Guidelines To Avoid Salmonella & Other Bacterier
Brushing Up On Kitchen Hygiene Habits
Summer is the peak season for campylobacter in kitchens everywhere, where many diseases could be avoided with brushing up on a few good hygienic habits in the kitchen.
Campylobacter is recognised as one of the main causes of bacterial foodborne disease in many developed countries, with at least a dozen species of campylobacter being implicated in human disease.
Statistics tell us that the number of people getting sick with campylobacter and salmonella is growing every year. There are probably more, as many people don't go to the doctor when they have stomach aches and pains.
But this kind of bacterier isn't to be taken lightly. At best it can cause a great deal of tummy discomfort for days - at worst it can be fatal.
Focusing on good kitchen hygiene especially during the summer months is therefore of paramount importance. Consumers are entitled to buy safe and wholesome food, they are also responsibe for food safety themselves at home in the kitchen, so they or household members don't get sick from the food they eat. It's all about having good hygiene when preparing food at home - and there are a few easy and simple guidelines to follow.
Washing Your Hands - Everyone Does That Right?
Different situations call for different actions - and the truth is that sometimes we forget this trivial, yet very important hygienic task.
Washing your hands may seem like a stupid thing to mention here, but it is very important to wash them thoroughly - before starting to prepare and cook the various types of foods such as meat, eggs, raw foods and prepared products.
Good personal hygiene is necessary, to avoid spreading bacterier from person to food and visa versa.
After using the toilet, coughing, touching wounds etc., it's also important to your wash hands. Intestinal bacterier or micro-organisms from the throat and wounds can easily be transferred to food.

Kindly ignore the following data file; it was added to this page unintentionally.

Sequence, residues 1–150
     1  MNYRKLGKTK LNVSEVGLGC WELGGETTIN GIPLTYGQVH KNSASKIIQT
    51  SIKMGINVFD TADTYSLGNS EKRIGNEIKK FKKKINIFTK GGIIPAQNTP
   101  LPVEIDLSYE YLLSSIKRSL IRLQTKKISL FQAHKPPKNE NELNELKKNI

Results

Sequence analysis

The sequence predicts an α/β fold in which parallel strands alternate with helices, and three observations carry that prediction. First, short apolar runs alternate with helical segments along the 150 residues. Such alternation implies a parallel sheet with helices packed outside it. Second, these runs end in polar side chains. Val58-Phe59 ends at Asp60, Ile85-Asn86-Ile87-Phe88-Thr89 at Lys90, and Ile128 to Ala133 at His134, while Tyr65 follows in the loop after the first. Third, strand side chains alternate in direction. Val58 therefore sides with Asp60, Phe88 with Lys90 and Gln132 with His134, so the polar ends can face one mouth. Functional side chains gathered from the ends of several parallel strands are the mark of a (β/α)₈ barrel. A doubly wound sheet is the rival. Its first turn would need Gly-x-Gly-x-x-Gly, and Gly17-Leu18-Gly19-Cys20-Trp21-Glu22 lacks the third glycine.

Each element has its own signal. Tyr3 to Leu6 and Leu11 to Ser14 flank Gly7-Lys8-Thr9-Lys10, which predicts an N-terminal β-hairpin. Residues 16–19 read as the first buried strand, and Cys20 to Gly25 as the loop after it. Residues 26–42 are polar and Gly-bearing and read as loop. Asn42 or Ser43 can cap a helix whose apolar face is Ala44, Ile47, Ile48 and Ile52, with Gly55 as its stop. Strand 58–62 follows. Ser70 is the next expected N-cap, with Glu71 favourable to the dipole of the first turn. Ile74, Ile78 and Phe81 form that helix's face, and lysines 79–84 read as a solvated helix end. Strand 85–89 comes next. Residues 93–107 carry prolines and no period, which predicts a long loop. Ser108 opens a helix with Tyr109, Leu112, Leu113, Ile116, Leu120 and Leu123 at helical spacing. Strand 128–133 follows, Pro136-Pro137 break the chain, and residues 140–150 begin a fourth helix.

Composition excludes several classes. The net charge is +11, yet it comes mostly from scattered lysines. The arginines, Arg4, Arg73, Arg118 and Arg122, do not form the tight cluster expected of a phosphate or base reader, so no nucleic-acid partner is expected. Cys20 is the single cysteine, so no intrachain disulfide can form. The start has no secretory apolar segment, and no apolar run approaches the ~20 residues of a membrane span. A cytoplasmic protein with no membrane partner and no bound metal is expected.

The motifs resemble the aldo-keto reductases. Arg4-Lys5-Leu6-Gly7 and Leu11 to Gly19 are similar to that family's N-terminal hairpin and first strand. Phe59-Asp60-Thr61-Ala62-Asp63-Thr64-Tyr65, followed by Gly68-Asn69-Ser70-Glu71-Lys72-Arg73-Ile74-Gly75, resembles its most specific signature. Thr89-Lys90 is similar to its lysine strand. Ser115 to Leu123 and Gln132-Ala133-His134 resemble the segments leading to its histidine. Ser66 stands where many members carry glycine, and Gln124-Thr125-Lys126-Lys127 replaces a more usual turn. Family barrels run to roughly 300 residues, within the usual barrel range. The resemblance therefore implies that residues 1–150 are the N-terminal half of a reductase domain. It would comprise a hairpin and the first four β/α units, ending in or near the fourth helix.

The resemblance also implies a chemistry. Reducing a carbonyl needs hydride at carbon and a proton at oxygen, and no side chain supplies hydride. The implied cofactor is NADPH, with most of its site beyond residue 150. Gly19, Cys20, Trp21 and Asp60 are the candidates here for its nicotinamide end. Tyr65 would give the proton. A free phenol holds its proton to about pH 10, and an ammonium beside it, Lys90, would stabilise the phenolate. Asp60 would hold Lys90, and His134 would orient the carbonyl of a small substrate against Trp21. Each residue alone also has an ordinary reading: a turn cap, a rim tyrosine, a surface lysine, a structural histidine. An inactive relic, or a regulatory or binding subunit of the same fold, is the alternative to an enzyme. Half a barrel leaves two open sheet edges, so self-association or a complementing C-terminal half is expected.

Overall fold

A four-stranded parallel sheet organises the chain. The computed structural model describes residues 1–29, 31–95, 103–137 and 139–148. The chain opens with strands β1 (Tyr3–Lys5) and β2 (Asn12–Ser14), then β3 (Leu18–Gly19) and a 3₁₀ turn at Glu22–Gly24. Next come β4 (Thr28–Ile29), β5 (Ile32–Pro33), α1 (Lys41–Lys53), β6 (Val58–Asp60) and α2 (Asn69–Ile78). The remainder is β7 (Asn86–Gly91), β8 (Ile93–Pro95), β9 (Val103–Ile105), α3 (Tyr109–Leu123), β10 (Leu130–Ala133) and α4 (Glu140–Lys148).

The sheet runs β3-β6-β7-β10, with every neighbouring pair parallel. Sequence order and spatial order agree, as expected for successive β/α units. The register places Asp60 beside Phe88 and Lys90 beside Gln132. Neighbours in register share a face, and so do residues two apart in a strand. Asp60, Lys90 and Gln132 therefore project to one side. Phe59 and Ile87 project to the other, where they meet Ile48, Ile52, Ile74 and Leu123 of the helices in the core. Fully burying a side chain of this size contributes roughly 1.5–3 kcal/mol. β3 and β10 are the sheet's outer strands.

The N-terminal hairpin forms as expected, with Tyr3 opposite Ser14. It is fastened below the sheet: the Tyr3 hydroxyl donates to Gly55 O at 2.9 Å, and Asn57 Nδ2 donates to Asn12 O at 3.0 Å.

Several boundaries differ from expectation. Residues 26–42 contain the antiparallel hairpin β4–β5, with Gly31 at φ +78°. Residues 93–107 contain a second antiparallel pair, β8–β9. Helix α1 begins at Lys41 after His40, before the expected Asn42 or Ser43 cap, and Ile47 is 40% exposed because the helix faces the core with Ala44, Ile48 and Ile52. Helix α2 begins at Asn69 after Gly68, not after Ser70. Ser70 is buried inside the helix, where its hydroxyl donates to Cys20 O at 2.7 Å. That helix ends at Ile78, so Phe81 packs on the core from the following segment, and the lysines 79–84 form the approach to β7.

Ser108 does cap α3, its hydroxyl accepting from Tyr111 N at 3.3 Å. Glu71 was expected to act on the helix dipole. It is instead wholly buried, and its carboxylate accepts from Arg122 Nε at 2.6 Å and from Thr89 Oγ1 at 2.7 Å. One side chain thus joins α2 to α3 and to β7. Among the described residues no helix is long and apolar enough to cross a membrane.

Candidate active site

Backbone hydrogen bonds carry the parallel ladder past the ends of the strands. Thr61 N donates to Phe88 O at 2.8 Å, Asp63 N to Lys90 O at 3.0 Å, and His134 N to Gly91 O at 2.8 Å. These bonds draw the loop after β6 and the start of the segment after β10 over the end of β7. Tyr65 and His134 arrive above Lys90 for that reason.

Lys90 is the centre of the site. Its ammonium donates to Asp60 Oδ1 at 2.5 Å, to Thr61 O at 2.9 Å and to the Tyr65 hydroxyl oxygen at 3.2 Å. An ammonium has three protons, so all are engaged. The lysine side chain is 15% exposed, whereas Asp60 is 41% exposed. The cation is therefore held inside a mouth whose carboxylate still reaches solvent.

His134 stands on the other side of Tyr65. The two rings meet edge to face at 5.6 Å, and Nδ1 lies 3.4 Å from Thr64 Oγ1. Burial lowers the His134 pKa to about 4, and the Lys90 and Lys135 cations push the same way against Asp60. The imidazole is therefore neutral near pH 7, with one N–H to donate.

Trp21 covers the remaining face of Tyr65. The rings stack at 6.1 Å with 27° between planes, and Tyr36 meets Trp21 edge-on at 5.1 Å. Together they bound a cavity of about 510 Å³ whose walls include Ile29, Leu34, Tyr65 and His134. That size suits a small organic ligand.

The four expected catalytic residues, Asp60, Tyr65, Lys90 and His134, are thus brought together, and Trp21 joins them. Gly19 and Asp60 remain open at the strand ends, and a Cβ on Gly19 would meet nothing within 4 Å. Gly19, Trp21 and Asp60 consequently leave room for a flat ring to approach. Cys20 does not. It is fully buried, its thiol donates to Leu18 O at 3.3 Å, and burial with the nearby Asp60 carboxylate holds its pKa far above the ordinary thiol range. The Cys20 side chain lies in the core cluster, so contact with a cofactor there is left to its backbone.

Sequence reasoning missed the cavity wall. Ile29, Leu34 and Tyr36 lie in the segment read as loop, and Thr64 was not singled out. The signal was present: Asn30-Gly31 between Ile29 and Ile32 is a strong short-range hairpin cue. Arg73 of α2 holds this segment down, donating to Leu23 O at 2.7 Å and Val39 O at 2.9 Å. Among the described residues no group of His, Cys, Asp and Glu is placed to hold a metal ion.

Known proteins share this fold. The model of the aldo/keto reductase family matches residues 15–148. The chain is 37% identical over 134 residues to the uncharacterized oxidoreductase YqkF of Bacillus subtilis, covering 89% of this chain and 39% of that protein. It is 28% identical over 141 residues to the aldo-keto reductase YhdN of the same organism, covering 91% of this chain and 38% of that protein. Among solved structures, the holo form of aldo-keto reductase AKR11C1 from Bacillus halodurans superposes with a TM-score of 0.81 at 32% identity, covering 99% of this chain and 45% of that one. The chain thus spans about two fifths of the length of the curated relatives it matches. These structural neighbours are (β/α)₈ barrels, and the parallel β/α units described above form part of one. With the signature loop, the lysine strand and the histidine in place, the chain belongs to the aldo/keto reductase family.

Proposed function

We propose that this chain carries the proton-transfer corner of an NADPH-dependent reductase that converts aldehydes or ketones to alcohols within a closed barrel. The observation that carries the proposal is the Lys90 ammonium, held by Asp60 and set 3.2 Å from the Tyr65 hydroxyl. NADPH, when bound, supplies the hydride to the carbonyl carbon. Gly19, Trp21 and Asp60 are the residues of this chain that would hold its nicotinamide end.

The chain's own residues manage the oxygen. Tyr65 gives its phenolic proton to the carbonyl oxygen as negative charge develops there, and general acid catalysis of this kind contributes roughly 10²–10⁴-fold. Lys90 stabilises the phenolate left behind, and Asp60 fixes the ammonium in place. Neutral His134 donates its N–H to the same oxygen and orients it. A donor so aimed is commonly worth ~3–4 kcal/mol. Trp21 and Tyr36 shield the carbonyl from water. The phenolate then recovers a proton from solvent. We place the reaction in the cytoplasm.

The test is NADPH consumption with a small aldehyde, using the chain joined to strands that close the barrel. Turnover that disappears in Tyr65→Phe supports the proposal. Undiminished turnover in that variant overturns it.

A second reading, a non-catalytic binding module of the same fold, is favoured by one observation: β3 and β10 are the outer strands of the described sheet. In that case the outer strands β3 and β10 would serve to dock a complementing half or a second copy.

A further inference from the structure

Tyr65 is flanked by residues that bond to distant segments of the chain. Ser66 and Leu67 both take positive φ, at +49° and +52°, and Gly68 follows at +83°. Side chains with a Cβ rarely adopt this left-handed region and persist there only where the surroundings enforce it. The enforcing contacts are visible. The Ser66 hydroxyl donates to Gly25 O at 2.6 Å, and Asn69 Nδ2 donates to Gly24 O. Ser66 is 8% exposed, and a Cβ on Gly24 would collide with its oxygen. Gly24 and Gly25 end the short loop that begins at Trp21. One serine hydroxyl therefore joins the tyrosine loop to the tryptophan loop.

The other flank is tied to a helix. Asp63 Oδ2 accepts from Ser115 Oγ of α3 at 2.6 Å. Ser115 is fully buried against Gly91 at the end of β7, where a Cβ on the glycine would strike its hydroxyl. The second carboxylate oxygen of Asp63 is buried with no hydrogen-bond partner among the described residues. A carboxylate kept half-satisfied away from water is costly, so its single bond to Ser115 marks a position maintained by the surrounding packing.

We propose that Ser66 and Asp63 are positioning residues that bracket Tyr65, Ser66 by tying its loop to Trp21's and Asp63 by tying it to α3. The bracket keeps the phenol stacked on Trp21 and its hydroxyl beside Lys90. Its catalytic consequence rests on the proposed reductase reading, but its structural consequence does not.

If you have wounds on your hands and arms, or if you have a tummy upset like diarré, bacterier can be transferred to other humans via food.
- Wash hands with hot water
- Wash hands with soap
- Wash your hands clean- sound silly, but just putting your hands under the water for a few seconds doesn't get them clean
- Dry hands on a clean towel
- Wash your hands after contact with animals
- When you've touched animals, always wash your hands thoroughly afterwards
Infections from animals can be transferred from human hands to food. Animals are great and I couldn't do without my cats, even though they are clean, we just don't know where they've been on their nightly hunting trips. Unfortunately touching them without washing hands afterwards and then preparing food, can lead to transmitting bacterier. We just never know - but is it worth taking the risk?
Transmitting bacterier can happen too when children and adults visiting farms and zoos, and come into direct contact with the animals. This also applies to pets in nursery schools and at home.
Both cows and pigs, chickens, dogs, cats, rabbits and other pets can be contaminated by pathogenic bacterier such as campylobacter, salmonella and certain types of E.coli-bacterier.
Parents and educators should make sure that children wash their hands after every toilet visit and after they have touched animals or even collected eggs in the chicken run.
Quick Hygiene Tips for the Kitchen
- Heating up:It's important to heat food through properly to kill any bacteria. Although during the summer especially if it's a hot summer, hot meals are probably the last thing we want.
- Cooling down:The food shouldn't be cooled in the kitchen, but in the fridge where the temperature in the refrigerator should be max. 5 degrees.
- Spreading bacteria and viruses:Separate the raw from the ready-to-eat foods, and remember to wash your hands often. You don't want to run any risks of contracting or giving a household member or guests infections of any kind.
Have a happy summer
It can be difficult finding the time during the summer months, to do a real clean up in the kitchen.
All it takes basically is keeping kitchen tops and surfaces, fridge, tools, utensils, saucepans, garbage bin and anywhere food comes into contact, as well tea towels, hand towels, dish clothes etc. as clean as a whistle. Spring cleaning can wait until a rainy day.
Enjoy your summer and stay well.
- Raw Foods A Welcome Trend
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- Complete Guide To Food Safety
The microbes on our food that can cause food poisoning are usually controlled by heating (cooking) and/or chilling (refrigerating) our food, but given the chance they can easily spread around the kitchen.
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